What is a leader? What qualities make a person worthy of leadership? What style of leadership, ultimately, is the most successful? In the book of Exodus, we recognize two distinct styles of leadership that could not be more different from each other.
Pharaoh seems to embody the attributes that we stereotypically associate with a strong leader. Pharaoh was decisive in confronting the threat that he saw in the growing number of Israelites in his kingdom. He was shrewd in the way that he placed taskmasters over the Israelites to force them into slavery and to build military cities for him. Pharaoh was cunning in the way that he secretly instructed the midwives to allow the Israelite’s baby boys to die in childbirth.
When Moses and Aaron appeared before Pharaoh and asked him to free the Israelites, Pharaoh was confident and determined. He refused to let the slaves go and he even made their servitude more harsh by denying them the straw they used to make bricks. When Pharaoh’s advisors told him that they feared the kingdom would be lost if he did not change course, he adamantly brushed them aside and kept his resolve. When the slaves did escape, Pharaoh ruthlessly employed his superior army to bring them back.
Pharaoh is everything we expect of a ruler who acts with an iron fist and a determination to work his will upon others. Yet, the book of Exodus also depicts Pharaoh as a failure and, even, as a buffoon. His plan to control and destroy the Israelites was completely thwarted. The more he oppressed them, the more they grew in numbers. The two women he enlisted to kill the innocent baby boys easily tricked him and he was utterly deceived by their simple lies. His determination to defy the demands of Moses and Aaron proved disastrous. In the end, he lost everything: his slaves, his farmlands, his cattle, his entire army, his own firstborn son, and his nation.
What went wrong for Pharaoh? Why does the book of Exodus overturn and undermine all of the images we have of powerful leadership? What is the book trying to tell us about Pharaoh’s style of rule?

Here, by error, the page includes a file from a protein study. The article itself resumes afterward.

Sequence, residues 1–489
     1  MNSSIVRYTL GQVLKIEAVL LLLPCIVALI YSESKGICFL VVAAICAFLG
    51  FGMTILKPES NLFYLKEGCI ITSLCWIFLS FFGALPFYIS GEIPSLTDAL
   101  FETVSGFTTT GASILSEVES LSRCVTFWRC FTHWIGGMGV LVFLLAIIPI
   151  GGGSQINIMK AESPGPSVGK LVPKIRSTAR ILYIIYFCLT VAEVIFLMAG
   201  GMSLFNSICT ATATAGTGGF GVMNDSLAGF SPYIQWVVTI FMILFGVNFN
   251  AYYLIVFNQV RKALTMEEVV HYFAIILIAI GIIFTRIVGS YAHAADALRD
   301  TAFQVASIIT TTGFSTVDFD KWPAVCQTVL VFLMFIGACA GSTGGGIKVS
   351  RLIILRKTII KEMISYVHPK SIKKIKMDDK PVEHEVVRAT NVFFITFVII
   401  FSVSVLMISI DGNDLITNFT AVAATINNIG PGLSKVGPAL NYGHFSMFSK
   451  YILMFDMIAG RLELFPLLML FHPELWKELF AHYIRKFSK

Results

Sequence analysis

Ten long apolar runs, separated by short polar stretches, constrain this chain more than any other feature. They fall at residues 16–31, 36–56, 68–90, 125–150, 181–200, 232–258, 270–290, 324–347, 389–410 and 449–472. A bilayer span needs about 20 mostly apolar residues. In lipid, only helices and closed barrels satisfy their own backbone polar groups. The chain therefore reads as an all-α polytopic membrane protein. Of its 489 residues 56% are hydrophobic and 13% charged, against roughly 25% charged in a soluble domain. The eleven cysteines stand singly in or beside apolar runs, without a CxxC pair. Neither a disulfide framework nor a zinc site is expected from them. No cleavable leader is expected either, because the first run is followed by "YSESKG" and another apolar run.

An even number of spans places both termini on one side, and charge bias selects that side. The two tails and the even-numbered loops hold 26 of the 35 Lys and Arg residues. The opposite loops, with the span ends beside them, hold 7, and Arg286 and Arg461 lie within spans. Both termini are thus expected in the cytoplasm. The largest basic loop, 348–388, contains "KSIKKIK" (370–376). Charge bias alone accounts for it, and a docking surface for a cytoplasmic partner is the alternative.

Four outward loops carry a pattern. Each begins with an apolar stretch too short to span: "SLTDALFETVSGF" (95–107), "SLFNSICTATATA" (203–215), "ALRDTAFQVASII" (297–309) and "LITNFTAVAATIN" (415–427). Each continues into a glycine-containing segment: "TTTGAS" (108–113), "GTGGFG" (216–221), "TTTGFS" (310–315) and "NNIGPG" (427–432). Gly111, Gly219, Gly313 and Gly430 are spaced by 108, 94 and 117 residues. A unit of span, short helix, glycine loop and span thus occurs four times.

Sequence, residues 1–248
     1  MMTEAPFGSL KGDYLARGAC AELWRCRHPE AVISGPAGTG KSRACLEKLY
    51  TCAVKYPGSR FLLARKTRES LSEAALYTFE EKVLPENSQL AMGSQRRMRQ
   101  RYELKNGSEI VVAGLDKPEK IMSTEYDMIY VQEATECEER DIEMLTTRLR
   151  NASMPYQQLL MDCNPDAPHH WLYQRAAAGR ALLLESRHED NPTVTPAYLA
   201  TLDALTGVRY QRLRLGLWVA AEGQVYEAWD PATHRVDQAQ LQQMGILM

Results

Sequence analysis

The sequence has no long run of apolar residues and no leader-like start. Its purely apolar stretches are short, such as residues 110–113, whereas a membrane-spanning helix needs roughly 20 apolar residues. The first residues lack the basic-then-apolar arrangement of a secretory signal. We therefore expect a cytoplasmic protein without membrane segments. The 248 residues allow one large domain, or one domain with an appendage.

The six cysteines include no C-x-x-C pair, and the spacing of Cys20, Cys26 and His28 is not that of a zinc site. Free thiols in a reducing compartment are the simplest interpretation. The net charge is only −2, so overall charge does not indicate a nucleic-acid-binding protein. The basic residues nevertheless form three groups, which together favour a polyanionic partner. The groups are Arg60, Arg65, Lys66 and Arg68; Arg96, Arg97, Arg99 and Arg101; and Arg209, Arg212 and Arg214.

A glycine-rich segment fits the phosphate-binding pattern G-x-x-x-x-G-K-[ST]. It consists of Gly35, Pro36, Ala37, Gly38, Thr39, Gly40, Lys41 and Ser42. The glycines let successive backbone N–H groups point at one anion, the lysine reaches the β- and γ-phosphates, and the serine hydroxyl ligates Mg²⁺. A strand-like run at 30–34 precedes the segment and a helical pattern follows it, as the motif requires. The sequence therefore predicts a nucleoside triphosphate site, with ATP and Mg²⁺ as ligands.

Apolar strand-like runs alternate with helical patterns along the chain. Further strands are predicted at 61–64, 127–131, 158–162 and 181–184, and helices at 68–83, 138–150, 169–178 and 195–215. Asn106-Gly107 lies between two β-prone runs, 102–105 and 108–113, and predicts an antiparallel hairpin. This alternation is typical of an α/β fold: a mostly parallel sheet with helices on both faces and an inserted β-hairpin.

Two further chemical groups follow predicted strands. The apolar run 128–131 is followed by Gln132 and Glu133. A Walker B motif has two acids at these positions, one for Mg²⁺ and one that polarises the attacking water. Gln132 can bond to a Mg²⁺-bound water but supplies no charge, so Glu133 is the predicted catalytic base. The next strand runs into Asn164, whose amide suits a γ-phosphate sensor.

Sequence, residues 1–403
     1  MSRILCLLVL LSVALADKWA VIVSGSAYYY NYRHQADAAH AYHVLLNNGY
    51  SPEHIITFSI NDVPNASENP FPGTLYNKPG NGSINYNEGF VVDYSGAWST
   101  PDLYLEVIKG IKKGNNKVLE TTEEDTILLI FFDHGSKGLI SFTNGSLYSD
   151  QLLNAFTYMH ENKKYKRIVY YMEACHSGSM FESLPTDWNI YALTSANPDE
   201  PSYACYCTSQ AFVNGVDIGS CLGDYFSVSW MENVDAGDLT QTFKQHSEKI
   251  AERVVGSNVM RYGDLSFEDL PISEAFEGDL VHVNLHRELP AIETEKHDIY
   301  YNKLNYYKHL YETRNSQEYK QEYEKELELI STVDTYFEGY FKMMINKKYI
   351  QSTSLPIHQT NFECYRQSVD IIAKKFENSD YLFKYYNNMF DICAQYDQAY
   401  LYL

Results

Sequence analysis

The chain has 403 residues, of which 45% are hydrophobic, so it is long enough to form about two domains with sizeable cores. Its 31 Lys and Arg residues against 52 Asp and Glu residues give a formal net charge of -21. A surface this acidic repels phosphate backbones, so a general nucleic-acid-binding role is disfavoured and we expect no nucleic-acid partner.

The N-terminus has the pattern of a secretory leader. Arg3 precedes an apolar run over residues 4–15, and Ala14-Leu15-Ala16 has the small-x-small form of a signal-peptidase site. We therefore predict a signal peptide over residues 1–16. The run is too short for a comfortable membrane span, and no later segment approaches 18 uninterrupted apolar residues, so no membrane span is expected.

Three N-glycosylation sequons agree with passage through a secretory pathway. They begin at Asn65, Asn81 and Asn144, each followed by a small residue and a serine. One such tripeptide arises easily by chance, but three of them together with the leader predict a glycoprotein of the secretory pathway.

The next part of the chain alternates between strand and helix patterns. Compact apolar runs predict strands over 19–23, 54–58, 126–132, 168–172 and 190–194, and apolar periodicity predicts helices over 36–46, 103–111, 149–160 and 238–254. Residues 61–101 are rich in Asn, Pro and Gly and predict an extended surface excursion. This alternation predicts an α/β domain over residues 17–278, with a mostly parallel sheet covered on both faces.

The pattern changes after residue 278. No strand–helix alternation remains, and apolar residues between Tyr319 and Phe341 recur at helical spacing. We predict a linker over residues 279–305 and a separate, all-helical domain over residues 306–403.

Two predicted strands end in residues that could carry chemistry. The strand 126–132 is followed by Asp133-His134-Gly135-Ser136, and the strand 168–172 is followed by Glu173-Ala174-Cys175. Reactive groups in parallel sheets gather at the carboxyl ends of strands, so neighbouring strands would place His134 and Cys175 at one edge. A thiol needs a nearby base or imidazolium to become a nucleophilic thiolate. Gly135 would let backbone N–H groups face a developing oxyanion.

The book of Exodus gives us another model of leadership – that of Moses. Wherever Pharaoh seems strong and decisive, Moses appears to be weak and vacillating. Moses did kill Pharaoh’s taskmaster who was beating an Israelite slave, but when he was discovered, Moses ran away rather than confront Pharaoh. Rather than come to terms with his past, Moses gave up the life of being a member of the royal household and became a simple shepherd. When God called to Moses and told him to return to Egypt to free the Israelites, Moses put up a pathetic refusal, saying that Pharaoh would not listen to him because he had (of all things) a speech impediment. God had to convince Moses to lead his people by saying that Aaron would speak for him and by giving him a few magic tricks to perform before Pharaoh.
Once Moses did come before Pharaoh, he produced the first two plagues that God instructed him to use: blood and frogs. After those two, Pharaoh promised to let the Israelites go if Moses would just end the plagues. Moses believed him. Once the frogs were gone, Pharaoh, predictably, returned to his stubborn ways and refused to free the slaves.
As if that was not bad enough, Moses then let Pharaoh get away with the same behavior no less than four more times. After the plague of lice was lifted, Pharaoh deceived Moses again by breaking his promise to free the slaves. He did the same thing after the plague of hail, and then after the plague of locusts, and, of course, after the death of the firstborn. Moses kept accepting Pharaoh’s word that he would free the Israelites once the plague had ended, but Pharaoh never did. The Torah does not even raise the possibility that Moses could have, you know, not ended a plague until after the Israelites were free. It never even seemed to cross Moses’ mind.